Golden Times Magazine - March/April 2013
You may have shared a lengthy relationship but does it mean you will find grieving easier or death more acceptable than for someone who is bereaved at an earlier age? Kind-hearted people will offer you words of comfort, some may utter the all too familiar term ‘they had a good long life – a good innings’. At this point, you may even agree or, you may feel like screaming.
There are considered to be certain emotional stages that we go through when we are dealing with loss and grief but our experiences are as unique as the relationships we have lost. Sometimes there is intense anger and perhaps a blaming of self, friends, relatives, medical staff and even the person who died. Guilty reflection on what was or wasn’t done or said and maybe some guilt at the relief you feel that their pain or illness is finally over.
If you offer support to the bereaved please do keep in mind that what you think they may feel could be so different to what is really being experienced. Spending time with them is important, so too, is providing some space for them to express their grief. Special events and anniversaries can be a particularly difficult time so try and be available on these occasions. Practical help is also a good way to offer support perhaps with shopping or there could be an overwhelming mound of paperwork that needs attention. Finally, don’t expect the bereaved person to move on too quickly, time is essential.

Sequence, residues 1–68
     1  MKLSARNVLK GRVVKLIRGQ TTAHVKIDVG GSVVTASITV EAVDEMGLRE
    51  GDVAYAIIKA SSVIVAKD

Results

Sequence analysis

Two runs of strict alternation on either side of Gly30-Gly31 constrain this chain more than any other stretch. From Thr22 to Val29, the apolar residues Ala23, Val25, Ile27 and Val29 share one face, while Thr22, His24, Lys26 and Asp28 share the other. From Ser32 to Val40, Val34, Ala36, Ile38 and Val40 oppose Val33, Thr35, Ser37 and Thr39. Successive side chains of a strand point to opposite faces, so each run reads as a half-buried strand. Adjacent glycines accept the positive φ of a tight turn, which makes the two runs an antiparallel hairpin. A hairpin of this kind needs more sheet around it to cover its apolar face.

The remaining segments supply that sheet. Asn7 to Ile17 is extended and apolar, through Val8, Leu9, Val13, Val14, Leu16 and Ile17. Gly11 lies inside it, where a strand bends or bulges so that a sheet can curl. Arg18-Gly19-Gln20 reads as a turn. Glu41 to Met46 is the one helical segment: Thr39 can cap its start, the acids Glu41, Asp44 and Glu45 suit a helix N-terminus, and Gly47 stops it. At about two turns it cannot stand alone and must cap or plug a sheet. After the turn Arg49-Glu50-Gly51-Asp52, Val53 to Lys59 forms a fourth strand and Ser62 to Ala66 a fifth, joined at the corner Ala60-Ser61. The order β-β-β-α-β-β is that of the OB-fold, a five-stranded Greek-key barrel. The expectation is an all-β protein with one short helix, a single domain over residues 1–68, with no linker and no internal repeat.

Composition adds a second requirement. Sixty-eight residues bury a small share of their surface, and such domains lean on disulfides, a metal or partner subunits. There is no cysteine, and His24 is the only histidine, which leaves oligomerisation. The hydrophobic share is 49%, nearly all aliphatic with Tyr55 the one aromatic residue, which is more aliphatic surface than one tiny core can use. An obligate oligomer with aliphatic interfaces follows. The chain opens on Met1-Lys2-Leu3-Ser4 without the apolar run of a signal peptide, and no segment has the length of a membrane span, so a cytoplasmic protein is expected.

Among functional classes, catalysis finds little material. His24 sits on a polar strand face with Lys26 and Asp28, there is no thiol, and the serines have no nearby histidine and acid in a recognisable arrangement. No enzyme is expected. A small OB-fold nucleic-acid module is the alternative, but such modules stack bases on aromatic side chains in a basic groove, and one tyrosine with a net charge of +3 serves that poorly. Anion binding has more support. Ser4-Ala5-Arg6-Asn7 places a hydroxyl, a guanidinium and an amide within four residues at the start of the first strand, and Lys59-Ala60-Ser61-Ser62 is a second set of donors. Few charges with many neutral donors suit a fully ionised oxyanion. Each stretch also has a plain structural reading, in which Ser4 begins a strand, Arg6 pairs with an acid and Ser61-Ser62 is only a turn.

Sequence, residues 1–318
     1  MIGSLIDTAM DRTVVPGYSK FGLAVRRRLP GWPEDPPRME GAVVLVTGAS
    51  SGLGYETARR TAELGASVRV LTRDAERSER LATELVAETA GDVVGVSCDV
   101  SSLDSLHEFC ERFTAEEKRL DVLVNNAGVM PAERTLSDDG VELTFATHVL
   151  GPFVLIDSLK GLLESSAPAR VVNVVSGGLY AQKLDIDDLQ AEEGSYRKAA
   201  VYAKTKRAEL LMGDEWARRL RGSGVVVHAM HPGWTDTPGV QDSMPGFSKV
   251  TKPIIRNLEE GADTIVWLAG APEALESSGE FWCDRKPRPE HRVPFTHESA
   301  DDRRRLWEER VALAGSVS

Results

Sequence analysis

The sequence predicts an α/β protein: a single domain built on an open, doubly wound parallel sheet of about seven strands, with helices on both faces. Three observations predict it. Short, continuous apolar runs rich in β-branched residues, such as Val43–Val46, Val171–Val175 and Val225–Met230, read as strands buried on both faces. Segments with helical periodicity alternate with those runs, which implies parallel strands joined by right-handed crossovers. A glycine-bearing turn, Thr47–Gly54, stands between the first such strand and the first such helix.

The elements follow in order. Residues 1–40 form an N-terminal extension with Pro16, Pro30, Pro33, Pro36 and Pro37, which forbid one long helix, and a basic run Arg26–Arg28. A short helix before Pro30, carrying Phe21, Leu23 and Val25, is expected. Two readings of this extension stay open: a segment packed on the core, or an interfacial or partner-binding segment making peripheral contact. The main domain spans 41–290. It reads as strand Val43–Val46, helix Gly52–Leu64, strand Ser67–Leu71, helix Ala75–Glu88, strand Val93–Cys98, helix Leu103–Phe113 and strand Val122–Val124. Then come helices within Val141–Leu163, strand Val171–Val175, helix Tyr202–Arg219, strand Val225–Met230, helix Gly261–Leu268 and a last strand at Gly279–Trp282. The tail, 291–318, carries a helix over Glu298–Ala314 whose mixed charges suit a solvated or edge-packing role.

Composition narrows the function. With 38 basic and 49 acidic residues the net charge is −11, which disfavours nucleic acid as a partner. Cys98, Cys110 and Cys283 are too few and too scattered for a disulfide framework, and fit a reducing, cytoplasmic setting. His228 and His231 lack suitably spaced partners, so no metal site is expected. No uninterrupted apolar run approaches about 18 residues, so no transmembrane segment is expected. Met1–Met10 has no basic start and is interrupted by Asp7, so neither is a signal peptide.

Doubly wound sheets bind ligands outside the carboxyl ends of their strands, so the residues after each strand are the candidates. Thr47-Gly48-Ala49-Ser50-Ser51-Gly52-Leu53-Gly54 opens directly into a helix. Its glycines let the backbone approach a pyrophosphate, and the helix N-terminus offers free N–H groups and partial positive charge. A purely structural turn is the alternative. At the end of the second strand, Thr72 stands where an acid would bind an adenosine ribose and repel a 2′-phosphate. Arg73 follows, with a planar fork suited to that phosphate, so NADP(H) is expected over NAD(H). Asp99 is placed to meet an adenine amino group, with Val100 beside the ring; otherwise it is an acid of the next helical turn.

An extremely important event in the emotional journey of bereavement is the funeral, at which point the intense reality of loss may emerge.
When should you seek professional help?
Death is inevitable and inescapable for us all; however, it remains one of the most difficult things to talk about. If you feel that you are struggling to come to terms with the emotional and practical changes that bereavement brings then maybe you would benefit from some professional counselling support. Bereavement can be extremely painful and unlike a physical condition there is no quick fix to feeling better.